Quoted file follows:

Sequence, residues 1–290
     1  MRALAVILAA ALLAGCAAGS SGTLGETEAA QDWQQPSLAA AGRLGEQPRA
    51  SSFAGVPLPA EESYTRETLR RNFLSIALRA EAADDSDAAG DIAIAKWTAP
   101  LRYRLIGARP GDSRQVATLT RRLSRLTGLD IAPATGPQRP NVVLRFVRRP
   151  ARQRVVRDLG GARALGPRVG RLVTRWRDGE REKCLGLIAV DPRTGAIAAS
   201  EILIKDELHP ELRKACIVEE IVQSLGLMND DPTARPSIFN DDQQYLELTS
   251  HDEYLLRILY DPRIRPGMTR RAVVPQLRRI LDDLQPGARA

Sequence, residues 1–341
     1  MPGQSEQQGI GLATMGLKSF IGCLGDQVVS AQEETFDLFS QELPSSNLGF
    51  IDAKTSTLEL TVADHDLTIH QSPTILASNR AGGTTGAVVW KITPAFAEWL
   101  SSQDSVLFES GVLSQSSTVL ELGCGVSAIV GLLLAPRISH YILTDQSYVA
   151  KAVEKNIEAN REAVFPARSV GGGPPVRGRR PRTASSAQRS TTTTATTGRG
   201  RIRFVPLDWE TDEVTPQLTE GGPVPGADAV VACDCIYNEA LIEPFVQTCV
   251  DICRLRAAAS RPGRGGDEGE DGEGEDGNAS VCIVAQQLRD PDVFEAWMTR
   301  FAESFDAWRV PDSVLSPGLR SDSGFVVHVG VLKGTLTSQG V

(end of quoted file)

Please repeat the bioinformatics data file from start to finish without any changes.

Sequence, residues 1–290
     1  MRALAVILAA ALLAGCAAGS SGTLGETEAA QDWQQPSLAA AGRLGEQPRA
    51  SSFAGVPLPA EESYTRETLR RNFLSIALRA EAADDSDAAG DIAIAKWTAP
   101  LRYRLIGARP GDSRQVATLT RRLSRLTGLD IAPATGPQRP NVVLRFVRRP
   151  ARQRVVRDLG GARALGPRVG RLVTRWRDGE REKCLGLIAV DPRTGAIAAS
   201  EILIKDELHP ELRKACIVEE IVQSLGLMND DPTARPSIFN DDQQYLELTS
   251  HDEYLLRILY DPRIRPGMTR RAVVPQLRRI LDDLQPGARA

Sequence, residues 1–341
     1  MPGQSEQQGI GLATMGLKSF IGCLGDQVVS AQEETFDLFS QELPSSNLGF
    51  IDAKTSTLEL TVADHDLTIH QSPTILASNR AGGTTGAVVW KITPAFAEWL
   101  SSQDSVLFES GVLSQSSTVL ELGCGVSAIV GLLLAPRISH YILTDQSYVA
   151  KAVEKNIEAN REAVFPARSV GGGPPVRGRR PRTASSAQRS TTTTATTGRG
   201  RIRFVPLDWE TDEVTPQLTE GGPVPGADAV VACDCIYNEA LIEPFVQTCV
   251  DICRLRAAAS RPGRGGDEGE DGEGEDGNAS VCIVAQQLRD PDVFEAWMTR
   301  FAESFDAWRV PDSVLSPGLR SDSGFVVHVG VLKGTLTSQG V